October 29, 2013

Finding your way ethically in an age of unverified tweets and anonymous comments can be a treacherous journey for reporters and editors, but it doesn’t have to be a lonely one: Help is available with the launch of Poynter’s ethics site, Truth and Trust in Media.

The new site offers reporters and editors a place to track developments in media ethics and get guidance from journalism-ethics experts, and invites both readers and journalists to be part of an evolving discussion about ethical decision-making.

“Going forward, we won’t have a one-size-fits-all ethics code,” said Kelly McBride, Poynter senior faculty member. “We probably won’t be able to define exactly who is a journalist. But we will be able to judge the production of news and information as journalistic, or not journalistic, based on the principles of truth, transparency and community.”

The site features McBride’s The Ethics Blog, including material from the new book “The New Ethics of Journalism,” co-edited by McBride and Tom Rosenstiel, American Press Institute executive director. Site visitors can also find:

  • Ask the Ethicist, a feature that lets journalists pose questions to McBride and other Poynter experts.
  • Frequently Asked Questions about ethics issues addressed by Poynter faculty.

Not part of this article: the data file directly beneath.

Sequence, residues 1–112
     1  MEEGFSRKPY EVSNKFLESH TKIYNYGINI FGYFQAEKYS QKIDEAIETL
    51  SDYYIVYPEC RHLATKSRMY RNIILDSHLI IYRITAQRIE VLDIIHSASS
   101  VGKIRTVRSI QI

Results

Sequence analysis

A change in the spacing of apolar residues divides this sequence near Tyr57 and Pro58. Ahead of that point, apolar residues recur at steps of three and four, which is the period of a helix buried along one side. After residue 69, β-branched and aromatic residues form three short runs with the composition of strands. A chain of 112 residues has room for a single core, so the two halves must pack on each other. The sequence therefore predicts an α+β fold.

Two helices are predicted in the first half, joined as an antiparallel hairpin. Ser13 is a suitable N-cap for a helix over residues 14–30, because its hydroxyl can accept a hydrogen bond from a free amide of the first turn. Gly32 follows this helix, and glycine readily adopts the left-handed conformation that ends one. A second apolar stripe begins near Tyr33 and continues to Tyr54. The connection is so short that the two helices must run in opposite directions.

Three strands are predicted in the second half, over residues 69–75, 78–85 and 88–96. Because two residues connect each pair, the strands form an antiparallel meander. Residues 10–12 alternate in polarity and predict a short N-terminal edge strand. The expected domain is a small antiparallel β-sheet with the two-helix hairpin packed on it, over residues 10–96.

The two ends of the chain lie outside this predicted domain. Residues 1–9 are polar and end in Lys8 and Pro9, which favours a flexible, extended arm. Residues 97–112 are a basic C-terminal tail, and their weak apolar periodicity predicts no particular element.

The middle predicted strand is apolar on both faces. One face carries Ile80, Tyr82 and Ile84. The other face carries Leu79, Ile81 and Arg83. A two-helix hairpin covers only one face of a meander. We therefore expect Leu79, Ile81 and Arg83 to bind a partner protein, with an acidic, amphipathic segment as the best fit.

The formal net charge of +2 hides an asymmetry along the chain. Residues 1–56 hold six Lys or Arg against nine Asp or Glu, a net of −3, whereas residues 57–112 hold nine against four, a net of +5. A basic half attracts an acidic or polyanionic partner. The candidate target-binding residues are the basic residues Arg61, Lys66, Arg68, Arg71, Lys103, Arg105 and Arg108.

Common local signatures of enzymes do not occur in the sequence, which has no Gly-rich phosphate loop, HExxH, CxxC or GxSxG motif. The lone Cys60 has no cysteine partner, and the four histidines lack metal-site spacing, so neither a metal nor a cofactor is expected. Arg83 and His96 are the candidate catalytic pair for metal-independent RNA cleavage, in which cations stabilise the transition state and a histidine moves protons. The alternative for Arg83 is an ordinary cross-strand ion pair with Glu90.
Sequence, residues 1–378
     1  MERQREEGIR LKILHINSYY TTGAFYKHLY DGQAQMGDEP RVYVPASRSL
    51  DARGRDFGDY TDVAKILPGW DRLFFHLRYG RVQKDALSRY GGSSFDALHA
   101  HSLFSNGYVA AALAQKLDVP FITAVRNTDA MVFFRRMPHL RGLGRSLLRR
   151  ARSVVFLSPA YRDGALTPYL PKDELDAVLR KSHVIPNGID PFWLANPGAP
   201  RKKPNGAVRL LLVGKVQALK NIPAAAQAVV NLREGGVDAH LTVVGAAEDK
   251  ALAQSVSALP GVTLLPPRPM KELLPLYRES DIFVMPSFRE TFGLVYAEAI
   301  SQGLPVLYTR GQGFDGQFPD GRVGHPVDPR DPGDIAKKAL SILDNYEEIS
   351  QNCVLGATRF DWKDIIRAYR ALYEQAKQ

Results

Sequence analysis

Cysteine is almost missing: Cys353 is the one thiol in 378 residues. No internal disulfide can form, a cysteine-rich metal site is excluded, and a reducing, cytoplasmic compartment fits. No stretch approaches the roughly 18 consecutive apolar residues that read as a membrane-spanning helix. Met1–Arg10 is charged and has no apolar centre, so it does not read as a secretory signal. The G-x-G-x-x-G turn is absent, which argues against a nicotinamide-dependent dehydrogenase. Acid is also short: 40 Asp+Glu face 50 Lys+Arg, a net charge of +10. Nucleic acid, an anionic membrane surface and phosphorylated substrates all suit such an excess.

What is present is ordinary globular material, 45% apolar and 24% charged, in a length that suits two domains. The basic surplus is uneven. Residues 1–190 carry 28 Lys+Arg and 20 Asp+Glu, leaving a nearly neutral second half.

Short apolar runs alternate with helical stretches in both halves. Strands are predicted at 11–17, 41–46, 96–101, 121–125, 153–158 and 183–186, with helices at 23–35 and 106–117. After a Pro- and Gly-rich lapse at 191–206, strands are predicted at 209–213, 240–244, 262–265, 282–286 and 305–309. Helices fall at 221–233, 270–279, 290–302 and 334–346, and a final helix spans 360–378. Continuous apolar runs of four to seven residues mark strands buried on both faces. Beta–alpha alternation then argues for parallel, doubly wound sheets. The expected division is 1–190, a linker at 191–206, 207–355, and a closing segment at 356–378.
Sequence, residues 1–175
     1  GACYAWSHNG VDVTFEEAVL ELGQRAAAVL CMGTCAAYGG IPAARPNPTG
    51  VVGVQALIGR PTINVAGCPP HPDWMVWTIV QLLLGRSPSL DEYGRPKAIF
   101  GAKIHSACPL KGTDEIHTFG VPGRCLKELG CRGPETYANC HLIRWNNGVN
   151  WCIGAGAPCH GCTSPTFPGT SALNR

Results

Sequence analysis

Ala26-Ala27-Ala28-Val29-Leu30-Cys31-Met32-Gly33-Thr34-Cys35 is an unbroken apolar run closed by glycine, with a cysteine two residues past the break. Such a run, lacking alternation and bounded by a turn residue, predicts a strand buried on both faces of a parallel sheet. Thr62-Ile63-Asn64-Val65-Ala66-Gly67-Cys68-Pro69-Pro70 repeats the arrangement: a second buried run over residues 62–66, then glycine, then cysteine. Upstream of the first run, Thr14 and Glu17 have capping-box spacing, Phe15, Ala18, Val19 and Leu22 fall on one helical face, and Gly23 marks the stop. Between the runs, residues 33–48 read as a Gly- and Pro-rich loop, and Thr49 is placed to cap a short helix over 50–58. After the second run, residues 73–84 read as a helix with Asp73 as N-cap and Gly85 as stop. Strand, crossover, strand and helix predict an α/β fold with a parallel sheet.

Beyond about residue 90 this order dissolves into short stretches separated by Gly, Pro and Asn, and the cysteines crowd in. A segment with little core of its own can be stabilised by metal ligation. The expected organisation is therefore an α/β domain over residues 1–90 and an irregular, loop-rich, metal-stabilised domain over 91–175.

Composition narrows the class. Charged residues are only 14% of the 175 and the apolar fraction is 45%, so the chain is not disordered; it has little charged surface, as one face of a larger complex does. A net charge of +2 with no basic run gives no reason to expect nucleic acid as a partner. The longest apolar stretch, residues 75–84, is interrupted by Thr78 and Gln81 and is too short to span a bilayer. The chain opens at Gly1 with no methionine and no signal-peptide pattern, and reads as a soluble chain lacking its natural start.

• Announcements of events related to journalism ethics.

The site was unveiled shortly before a conference about emerging ethics challenges in journalism, “Truth and Trust in the 21st Century,” scheduled for Nov. 13 at Ford Foundation headquarters in New York. The gathering is presented by Poynter and PBS MediaShift and sponsored by craigconnects, Ford Foundation, School of Communication at American University and NewsCred. The event is open to the public with registration.

McBride said Poynter’s ethics initiative is about helping those engaged in journalism to “wrap their arms around the various methods of creating valuable, honest information for the audience.”

“While I have some ideas, usually other people come up with better ideas after we start thinking about transparency and community as core values,” she said.

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